Stars in the new James Webb Space Telescope images look sharper than before. And I’m not just talking about the picture quality, which is amazing. I’m talking about the fact that many of the bright stars in the images have very distinct spikes that look like Christmas ornaments, or as one of my colleagues put it, “It looks like a JJ Abrams commercial and I love it. ”
But that’s not a case of too much lens flare. These are diffraction peaks, and if you look closely you’ll see that all of the bright objects in the JWST images share the same eight-point pattern. The brighter the light, the more prominent the feature. Darker objects like nebulae or galaxies usually don’t see as much of this distortion.
This pattern of diffraction peaks is unique to JWST. If you compare the images taken by the new telescope to those of its predecessor, you’ll notice that Hubble has only four diffraction peaks versus JWST’s eight. (Two of the JWST spikes can be very faint, so sometimes it looks like there are six.)
From this moment you will always be able to tell the difference between a Hubble image and a JWST image:
Hubble stars have four points in a cross. JWST stars have six in a snowflake. Thanks for your time. pic.twitter.com/BWsv2WqCqD
— Hank Green (@hankgreen) July 12, 2022
The shape of the diffraction peaks is determined by the telescope’s hardware, so let’s start with a quick refresher on the important parts. Both Hubble and JWST are reflecting telescopes, meaning they use mirrors to collect light from the cosmos. Reflecting telescopes have a large primary mirror that collects the light and bounces it back to a smaller secondary mirror. Space telescopes’ secondary mirrors help funnel that light to the scientific instruments, which convert it into all the cool images and data we see now.
Both the primary and secondary mirrors contribute to the diffraction peaks, but in slightly different ways. Light bends or bends around objects such as mirror edges. So the shape of the mirror itself can lead to these light spikes when light interacts with the edges of the mirror. In Hubble’s case, the mirror was round, so it didn’t add to the prickliness. But JWST has hexagonal mirrors resulting in an image with six diffractive peaks.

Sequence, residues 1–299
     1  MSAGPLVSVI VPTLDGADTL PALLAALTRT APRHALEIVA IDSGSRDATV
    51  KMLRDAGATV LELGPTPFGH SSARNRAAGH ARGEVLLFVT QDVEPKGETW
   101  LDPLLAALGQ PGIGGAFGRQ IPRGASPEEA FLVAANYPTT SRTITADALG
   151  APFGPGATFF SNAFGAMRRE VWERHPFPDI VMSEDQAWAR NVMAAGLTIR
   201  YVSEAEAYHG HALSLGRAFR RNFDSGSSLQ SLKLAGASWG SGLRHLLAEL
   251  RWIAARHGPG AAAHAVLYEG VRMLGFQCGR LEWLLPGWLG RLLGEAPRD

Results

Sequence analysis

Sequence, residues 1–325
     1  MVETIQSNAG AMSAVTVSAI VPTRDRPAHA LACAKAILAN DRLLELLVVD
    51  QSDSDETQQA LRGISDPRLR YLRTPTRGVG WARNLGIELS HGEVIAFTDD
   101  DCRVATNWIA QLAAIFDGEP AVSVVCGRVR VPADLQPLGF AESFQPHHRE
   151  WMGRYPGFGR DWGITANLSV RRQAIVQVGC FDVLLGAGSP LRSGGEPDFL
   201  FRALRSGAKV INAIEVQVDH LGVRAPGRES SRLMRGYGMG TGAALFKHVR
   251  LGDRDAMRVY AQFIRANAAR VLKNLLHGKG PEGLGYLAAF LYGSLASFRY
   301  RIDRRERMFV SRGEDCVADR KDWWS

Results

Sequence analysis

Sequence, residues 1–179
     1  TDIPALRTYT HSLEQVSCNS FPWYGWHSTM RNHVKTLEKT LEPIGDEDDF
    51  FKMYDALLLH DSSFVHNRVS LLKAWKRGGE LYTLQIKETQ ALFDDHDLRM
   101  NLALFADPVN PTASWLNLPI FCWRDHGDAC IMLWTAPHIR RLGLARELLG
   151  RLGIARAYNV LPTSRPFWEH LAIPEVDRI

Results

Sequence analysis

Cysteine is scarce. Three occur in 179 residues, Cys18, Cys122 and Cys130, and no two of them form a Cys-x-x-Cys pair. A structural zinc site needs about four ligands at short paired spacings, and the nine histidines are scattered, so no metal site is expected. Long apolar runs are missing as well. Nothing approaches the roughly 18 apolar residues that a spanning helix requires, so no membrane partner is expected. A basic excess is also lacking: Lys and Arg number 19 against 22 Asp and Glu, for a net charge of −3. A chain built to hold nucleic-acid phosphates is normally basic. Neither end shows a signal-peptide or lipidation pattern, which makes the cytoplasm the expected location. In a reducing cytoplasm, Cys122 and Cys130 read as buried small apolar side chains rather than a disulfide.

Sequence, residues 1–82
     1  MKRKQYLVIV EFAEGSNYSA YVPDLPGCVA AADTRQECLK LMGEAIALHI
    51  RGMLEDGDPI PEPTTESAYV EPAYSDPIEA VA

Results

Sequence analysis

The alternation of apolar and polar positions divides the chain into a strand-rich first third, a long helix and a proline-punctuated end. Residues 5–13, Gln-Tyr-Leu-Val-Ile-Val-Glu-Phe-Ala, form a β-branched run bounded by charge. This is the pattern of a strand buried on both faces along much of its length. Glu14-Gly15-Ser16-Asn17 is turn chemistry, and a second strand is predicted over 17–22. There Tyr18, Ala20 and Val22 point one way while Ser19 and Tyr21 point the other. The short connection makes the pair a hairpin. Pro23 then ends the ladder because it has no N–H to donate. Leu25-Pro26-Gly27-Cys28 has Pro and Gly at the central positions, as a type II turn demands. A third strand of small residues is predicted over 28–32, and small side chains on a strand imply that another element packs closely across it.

There is also the secondary mirror. Secondary mirrors are smaller than primary mirrors and are held in place by struts some distance from the primary mirror. In the case of JWST, the struts are 25 feet long. Light passing these struts is diffracted, resulting in more spikes, each perpendicular to the strut itself.
In Hubble’s case, its four struts led to the four distinct peaks you see in Hubble images. JWST has three struts holding up its secondary mirror, resulting in another six spikes.
That’s a lot of distortion. To minimize the number of diffraction peaks, JWST was designed so that four of the peaks caused by the struts overlap with four of the peaks caused by the mirror. This leaves the eight soon-to-be-iconic diffraction peaks of a JWST image.
Some of the spikes look more or less visible depending on which instrument is processing the light. This is most evident in JWST images of the Southern Ring Nebula released this week.
The image on the left was taken by JWST’s NIRCam, which collects near-infrared light. The one on the right was captured by the telescope’s MIRI instrument, which picks up mid-infrared light instead. “In the near-infrared, stars have more noticeable diffraction peaks because they are so bright at those wavelengths,” the Space Telescope Science Institute said in a statement. “In the mid-infrared, diffraction peaks also appear around stars, but they are fainter and smaller (zoom in to see them).”
If you want to get an idea of how diffraction peaks work at JWST, check out the handy infographic below from NASA and the Space Telescope Science Institute: